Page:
Also unlike Drs. Croatt and Dudley, Dr. Berrier could have rebutted the testimony of Dr. Trecki, the Government’s DEA expert, with his own knowledge of the DEA’s processes and analyses. His expert testimony, which diverged from Dr. Trecki’s, could have shown the jury that the DEA’s own scientists could not agree on the substantial similarity of the chemicals at issue. Drs. Croatt and Dudley could not have provided that type of rebuttal testimony.

The testimony is material, not cumulative. And the error in disallowing it was far from “harmless.” As the Appeals Court points out, the DEA expert’s testimony would have introduced a significant amount of reasonable doubt — enough to turn a hung jury into an exoneration.

Unfortunately, this means the defendants have to go through all of this again. Their convictions have been vacated but the government will get a third chance to put them behind bars. The government is failing forward and it’s facing people who don’t have the luxury of taxpayer-funded, inexhaustible resources.

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Comments on “Appeals Court Gives Gov't One More Chance To Lock Up Men For Producing An 'Illegal' Drug Its Own Chemist Said Wasn't Illegal”

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Sharur says:

Re: Re:

I disagree. Appellate courts don’t have such power, nor should they. Allowing them to "self-select" would simply create an echo chamber; wonderful when the higher court is right, but equally horrible when the courts get it wrong.

(See Dred Scott v. Sandford, Plessy v. Ferguson or Korematsu v. United States, for a few hopefully uncontroversial examples of the higher courts "getting it wrong").

Rather, this is a case where Congress should impeach such a judge and remove them from office, and not "be nice". We have a system in place; we just need proper sections to act appropriately.

Anonymous Coward says:

why is it that the USA justice agencies are never satisfied until someone, who, as it seems in this case, hasn’t done anything wrong, is locked up for decades with the key thrown away? nothing seems to deter them from doing whatever they need to to convince whoever needs to be that ‘this person is bad and needs to be incarcerated, beaten and raped, for a minimum of 20 years, just because they say so and just because they mustn’t lose face or be questioned! and the USA isn’t a ‘police state’? of course it’s not!!

Paul Brinker (profile) says:

Re: Re:

In this case you have designer drugs that have been found via digging into drug research going back 20-40 years that impact the same chemical pathways that currently illegal drugs impact. However as drugs are made illegal based on chemical composition and not pathway impact there is now quite literally a war between the government trying to make thousands of drug variations illegal.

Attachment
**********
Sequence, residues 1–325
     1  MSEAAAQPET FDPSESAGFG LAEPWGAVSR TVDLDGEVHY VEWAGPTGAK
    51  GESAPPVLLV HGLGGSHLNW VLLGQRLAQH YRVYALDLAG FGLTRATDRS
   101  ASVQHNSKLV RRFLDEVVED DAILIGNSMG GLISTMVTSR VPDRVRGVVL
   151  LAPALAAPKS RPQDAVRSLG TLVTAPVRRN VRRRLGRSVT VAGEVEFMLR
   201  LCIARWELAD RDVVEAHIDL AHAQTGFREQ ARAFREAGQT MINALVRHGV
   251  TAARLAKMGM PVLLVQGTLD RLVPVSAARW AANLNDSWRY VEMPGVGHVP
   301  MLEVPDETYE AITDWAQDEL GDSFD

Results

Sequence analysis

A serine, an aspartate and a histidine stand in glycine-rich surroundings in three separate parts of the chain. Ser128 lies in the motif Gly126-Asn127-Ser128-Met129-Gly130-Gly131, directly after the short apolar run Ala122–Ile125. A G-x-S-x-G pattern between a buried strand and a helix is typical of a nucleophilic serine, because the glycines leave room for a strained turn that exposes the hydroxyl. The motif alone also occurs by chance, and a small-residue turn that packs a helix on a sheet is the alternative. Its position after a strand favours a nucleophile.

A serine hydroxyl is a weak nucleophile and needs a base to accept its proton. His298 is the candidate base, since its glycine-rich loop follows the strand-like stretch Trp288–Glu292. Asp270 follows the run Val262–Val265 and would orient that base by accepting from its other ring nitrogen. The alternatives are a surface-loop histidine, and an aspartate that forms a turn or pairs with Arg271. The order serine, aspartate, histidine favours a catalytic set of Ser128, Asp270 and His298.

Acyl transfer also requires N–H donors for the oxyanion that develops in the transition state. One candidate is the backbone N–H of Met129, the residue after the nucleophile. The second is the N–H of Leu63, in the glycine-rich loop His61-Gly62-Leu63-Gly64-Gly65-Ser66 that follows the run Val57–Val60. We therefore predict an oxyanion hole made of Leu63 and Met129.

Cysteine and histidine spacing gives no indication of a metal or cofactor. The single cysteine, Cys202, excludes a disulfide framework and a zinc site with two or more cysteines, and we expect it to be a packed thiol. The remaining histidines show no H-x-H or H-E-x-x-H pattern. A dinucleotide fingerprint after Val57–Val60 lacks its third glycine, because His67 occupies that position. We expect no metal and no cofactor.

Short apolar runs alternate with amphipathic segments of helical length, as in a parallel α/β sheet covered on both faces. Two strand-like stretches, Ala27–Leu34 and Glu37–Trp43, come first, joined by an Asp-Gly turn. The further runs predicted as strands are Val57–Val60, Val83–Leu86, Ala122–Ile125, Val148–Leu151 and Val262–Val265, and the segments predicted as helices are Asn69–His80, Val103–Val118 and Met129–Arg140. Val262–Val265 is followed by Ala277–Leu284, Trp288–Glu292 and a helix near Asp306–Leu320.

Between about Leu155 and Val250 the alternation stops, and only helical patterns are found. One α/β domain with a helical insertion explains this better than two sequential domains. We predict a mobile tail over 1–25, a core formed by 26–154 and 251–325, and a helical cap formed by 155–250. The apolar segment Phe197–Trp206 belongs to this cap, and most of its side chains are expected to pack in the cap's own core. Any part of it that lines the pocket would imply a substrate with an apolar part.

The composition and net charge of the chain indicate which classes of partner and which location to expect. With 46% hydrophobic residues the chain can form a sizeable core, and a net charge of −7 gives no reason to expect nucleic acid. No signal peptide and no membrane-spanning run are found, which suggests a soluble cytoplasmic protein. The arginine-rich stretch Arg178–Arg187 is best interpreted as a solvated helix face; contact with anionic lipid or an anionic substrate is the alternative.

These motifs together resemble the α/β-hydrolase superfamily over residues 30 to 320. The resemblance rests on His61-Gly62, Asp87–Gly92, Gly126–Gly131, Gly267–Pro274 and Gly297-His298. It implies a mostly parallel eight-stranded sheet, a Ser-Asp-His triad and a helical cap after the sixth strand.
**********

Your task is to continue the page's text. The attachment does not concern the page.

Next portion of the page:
This means that Judges treat one off drugs as something that is probably illegal but they have not gotten it to the lab to make it illegal yet. I cant say this should be the way things are done but it’s the truth of the situation we live in today.

To make things more fun here is a really detailed report on the very drug in question:

AC720 (profile) says:

Re: Re:

The justice system in the US, at all levels, operates on a principle that you have done something illegal. You have been bad. You broke a law. And it’s the job of justice to find out what you did, charge, punish and convict. Once they get as far as those steps, they don’t and can’t admit they were wrong.

This whole thing about "innocent until proven guilty" is basically BS. All they do is lower the bar of proof so low, you are guilty by default.

We just had a case where a football player was stopped for speeding. A white substance was found on the hood of his car. The driver said it was bird poop. The cops tested it anyway, using one of these "field test kits" which are notorious for coming up with false positives for things like the sugar off donuts, aspirin, food crumbs, vitamins, powdered artificial sweeteners, etc. The tests are worthless. And yet these cops, dead set on busting this kid, ran that "bird poop" and wow it came back as a controlled substance. Kid went to jail. His football career ended.

The police chemist came back with a lab test that revealed it was, in fact, bird poop. Just as the driver claimed. But the cops are not happy with this. Their job is to arrest people and fill the jails.

Thanks to the intense media coverage and police body cam footage of the bird poop on the car, looking like bird poop, and the cops being absolute idiots, the kid has gotten his football career back.